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Lib Dem Candidate Supports Her Party’s Policy On Cannabis

Published on: 5 Jun, 2017
Updated on: 9 Jun, 2017

Dragon reader David Middleton, a former police officer recently posed a question to local Lib Dems on their Cannabis policy. The Lib Dem manifesto includes a commitment to legalise cannabis and the Lib Dem parliamentary candidate confirmed she is a supporter of the policy.

Middleton wrote: “Recently, through the medium of The Guildford Dragon, I asked my local ward and [recently elected] county councillor, Angela Goodwin and her husband David, another ward and county councillor, for a simple yes or no as to whether or not they supported the Lib Dem manifesto pledge to legalise cannabis.

She declined to answer my straightforward question on the basis that she didn’t feel her personal views mattered as it was a national Lib Dem policy and suggested that I ask the same question of Zoe Franklin as a prospective MP for Guildford.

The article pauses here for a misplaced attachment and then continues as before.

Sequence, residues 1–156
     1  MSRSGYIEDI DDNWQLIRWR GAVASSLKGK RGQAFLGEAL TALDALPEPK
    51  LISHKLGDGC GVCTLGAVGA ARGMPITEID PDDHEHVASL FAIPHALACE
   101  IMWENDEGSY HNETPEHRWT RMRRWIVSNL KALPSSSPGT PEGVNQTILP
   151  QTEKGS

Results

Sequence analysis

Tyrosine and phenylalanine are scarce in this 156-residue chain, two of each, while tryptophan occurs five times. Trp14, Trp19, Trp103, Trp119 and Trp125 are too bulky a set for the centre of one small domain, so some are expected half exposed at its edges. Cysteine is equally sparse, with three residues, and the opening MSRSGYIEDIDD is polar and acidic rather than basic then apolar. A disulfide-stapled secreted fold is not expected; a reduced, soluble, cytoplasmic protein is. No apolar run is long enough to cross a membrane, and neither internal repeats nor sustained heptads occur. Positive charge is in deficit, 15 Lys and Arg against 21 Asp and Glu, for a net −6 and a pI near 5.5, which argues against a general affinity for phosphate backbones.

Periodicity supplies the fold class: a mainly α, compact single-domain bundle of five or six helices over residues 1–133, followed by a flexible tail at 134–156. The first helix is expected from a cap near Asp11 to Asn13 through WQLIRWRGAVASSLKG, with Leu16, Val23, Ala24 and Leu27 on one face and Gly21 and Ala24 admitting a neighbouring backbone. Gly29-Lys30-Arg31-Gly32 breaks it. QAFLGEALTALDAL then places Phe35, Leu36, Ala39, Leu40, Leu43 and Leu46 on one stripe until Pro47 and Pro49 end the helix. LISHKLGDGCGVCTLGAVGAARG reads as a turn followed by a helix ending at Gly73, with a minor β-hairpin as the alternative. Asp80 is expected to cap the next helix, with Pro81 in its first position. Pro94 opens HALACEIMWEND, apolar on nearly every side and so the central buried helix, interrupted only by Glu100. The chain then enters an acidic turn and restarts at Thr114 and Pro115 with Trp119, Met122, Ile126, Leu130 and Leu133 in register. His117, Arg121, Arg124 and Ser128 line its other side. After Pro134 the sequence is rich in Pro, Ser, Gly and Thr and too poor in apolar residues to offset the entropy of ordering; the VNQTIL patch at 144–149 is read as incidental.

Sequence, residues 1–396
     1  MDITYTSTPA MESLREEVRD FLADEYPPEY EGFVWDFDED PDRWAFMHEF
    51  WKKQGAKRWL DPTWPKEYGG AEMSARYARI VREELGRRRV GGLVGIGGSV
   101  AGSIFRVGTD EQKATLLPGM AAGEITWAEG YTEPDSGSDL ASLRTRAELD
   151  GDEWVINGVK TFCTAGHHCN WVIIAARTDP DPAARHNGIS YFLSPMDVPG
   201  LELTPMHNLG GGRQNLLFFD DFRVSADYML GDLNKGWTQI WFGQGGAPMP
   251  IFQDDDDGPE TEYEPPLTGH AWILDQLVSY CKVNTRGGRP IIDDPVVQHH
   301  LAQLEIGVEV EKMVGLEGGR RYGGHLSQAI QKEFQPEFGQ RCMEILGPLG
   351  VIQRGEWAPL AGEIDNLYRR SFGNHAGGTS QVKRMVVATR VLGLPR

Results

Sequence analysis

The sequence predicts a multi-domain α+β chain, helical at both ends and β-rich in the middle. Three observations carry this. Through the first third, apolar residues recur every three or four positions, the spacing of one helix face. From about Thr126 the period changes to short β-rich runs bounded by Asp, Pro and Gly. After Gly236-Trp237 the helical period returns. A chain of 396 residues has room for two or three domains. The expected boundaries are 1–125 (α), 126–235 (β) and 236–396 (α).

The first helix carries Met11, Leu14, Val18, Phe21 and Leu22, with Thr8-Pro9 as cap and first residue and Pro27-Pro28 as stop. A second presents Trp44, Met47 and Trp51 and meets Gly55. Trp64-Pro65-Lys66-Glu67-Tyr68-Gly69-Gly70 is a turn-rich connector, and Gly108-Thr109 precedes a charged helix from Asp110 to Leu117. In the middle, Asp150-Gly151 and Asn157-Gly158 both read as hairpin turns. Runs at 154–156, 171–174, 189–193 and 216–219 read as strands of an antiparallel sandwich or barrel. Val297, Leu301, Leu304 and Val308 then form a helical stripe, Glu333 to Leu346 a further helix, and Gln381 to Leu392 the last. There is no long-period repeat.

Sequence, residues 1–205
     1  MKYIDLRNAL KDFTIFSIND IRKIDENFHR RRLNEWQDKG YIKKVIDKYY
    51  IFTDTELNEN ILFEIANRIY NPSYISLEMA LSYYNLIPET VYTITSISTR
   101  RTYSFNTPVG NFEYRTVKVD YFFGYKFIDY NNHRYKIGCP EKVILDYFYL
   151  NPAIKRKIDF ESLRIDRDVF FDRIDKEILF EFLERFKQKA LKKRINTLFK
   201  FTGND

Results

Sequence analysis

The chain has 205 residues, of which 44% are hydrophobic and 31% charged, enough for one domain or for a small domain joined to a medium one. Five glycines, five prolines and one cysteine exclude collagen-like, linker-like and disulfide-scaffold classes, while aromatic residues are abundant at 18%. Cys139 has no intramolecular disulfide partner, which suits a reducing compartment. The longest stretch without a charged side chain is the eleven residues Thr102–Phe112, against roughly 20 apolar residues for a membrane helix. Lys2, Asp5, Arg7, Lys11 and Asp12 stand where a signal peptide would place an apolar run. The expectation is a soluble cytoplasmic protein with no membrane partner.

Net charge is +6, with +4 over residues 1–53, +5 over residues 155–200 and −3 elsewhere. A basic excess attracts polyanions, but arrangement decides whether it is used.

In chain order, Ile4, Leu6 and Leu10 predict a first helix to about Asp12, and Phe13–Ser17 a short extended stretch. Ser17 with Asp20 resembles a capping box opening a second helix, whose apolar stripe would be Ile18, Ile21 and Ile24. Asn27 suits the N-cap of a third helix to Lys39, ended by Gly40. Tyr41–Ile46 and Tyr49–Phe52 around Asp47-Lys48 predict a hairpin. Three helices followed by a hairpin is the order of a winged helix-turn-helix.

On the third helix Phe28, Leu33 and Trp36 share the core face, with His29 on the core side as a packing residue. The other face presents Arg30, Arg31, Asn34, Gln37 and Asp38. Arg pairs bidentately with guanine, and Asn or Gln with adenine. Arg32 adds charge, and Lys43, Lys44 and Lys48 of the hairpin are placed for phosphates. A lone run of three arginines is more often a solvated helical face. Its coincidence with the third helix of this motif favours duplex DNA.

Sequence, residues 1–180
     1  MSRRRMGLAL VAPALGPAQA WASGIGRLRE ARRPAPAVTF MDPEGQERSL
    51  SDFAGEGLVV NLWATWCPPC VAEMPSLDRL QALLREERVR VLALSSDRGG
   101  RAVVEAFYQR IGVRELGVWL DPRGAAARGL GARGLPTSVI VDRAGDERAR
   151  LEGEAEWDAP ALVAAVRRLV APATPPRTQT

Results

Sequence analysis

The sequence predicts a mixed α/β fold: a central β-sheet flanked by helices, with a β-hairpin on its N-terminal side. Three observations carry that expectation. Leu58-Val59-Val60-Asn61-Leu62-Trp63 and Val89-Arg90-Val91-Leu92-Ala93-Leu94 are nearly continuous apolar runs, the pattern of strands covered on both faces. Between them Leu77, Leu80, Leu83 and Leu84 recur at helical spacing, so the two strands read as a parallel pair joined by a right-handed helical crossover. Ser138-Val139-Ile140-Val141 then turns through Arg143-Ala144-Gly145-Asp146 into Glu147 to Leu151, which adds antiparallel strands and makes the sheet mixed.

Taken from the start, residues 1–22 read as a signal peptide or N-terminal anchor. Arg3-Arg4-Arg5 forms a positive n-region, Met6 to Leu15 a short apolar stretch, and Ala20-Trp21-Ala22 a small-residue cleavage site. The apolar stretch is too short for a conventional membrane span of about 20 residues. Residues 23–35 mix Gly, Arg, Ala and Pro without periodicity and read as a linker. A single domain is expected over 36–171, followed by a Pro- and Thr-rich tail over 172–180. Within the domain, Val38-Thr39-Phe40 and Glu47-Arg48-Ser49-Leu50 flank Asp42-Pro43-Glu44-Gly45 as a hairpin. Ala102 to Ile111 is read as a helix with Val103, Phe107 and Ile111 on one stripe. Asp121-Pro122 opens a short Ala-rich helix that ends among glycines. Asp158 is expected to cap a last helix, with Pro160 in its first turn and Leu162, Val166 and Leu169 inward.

So, through the same public medium, I ask that question of Zoe Franklin: does she support the legalisation of Cannabis, yes or no?

Today (Jun 5 2017) Franklin responded: “The Liberal Democrat policy to legalise cannabis is not about encouraging people to smoke cannabis nor say that it is 100% safe.

Smoking and drinking are legal but we know that they too are not 100% safe – they are addictive and have long-term health implications, just like cannabis. Also, unlike users of alcohol or tobacco, cannabis users are treated as criminals and carry a criminal record.

Legalisation would make it possible to:

  1. Regulate – Cannabis available today is more potent than ever before and is often mixed with all sorts other chemicals which dramatically increase the risk to those who smoke it.
  2. Tax – Revenue from taxing alcohol and cigarettes plays an important role in helping fund the NHS and more specifically helping and supporting those negatively impacted by smoking or drinking. The same principles would be applied to taxing cannabis if legalised.
  3. Stop criminalising users but instead focus on the gangs who supply them.

Finally, it is important to recognise that it is a twist of history that alcohol and cigarettes are legal whereas cannabis is not. We believed both had health benefits so should be legal and we wanted to tax them – we went in with eyes shut. With cannabis our eyes are open.